<137>Brian Baer<137><137><252><137> / The Sacramento Bee

Voter unhappiness at an increase in the state vehicle-license fee fed the recall drive that turned Gov. Gray Davis, above, into a former governor and led to the ascension of Arnold Schwarzenegger.

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    Most health insurance plans offered on California’s exchange will now feature quality ratings, giving consumers a better idea about their past performance. Covered California announced Tuesday that it recently incorporated the four-star system in its website. Federal law requires rating plans, but officials here noted the system’s California debut comes two years ahead of the mandate. Executive Director Peter V. Lee said his exchange is among the first to offer consumers a quality-rating system.

    - Christopher Cadelago

The Buzz: Backers put brakes on proposed California car-tax hike

Published: Wednesday, Jan. 29, 2014 - 12:00 am

Backers of ballot measure

to raise car tax end push

Backers of a proposed ballot measure to more than double the vehicle-license fee to pay for road improvements have decided to drop efforts to put it on the Nov. 4 ballot.

The measure would have phased in a 1 percent hike in the license fee to raise from $3 billion to $4 billion annually. The fee has been 0.65 percent of a vehicle’s market value since the late 1990s, with a temporary increase to 1.15 percent from May 2009 through June 2011.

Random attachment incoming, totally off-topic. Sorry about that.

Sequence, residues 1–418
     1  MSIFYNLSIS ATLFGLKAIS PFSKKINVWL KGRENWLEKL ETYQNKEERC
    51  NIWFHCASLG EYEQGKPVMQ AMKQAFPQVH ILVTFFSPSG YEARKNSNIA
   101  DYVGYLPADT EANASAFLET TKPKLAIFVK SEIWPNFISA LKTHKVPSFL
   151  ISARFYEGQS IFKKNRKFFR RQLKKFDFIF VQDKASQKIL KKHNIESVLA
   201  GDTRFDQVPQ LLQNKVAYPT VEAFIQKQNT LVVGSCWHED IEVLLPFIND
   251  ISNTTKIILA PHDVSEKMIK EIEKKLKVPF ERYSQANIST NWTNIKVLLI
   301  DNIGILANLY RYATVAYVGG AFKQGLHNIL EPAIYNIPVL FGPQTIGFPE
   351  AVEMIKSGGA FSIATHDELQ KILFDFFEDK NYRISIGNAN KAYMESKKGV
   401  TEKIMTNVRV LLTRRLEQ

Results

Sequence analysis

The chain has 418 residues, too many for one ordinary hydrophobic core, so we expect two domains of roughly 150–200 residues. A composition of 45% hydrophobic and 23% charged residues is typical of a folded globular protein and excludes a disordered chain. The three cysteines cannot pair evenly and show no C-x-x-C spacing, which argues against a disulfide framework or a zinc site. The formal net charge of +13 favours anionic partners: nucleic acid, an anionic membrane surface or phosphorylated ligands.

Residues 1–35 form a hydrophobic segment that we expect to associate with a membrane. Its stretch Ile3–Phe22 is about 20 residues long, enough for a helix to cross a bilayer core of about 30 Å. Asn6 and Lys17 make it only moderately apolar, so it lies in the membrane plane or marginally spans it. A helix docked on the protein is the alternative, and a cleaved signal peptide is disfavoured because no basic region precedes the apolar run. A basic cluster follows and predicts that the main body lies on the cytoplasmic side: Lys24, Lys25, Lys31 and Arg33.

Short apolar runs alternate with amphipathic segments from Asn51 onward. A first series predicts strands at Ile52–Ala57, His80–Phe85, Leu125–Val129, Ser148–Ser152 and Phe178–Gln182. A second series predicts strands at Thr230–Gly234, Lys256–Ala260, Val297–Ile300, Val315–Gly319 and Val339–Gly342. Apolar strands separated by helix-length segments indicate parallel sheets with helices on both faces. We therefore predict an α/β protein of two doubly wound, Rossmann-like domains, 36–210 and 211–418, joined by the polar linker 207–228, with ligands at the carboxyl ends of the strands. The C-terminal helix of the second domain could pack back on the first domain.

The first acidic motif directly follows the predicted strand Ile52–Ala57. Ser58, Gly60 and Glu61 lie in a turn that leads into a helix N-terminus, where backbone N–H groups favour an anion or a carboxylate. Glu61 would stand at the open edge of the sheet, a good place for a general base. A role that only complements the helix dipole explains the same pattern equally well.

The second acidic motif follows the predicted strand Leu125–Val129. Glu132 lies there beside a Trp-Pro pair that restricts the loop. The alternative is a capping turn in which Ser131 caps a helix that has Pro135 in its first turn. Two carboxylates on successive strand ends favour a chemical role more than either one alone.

Monday, Will Kempton, the executive director of Transportation California, said his group and its allies “have decided to put our initiative on hold. ... We’ll continue to work with stakeholders, the Legislature, the administration and the public to identify and implement a solution to our transportation infrastructure problems.”

Kempton and other supporters point to a huge backlog of road improvement projects in California, with little new money to pay for them. Past increases have not been popular. In mid-2003, then-Gov. Gray Davis raised the fee to 2 percent, which was what it had been before lawmakers began reducing it in the late 1990s. The increase contributed to his defeat in the recall election that October.

– Jim Miller

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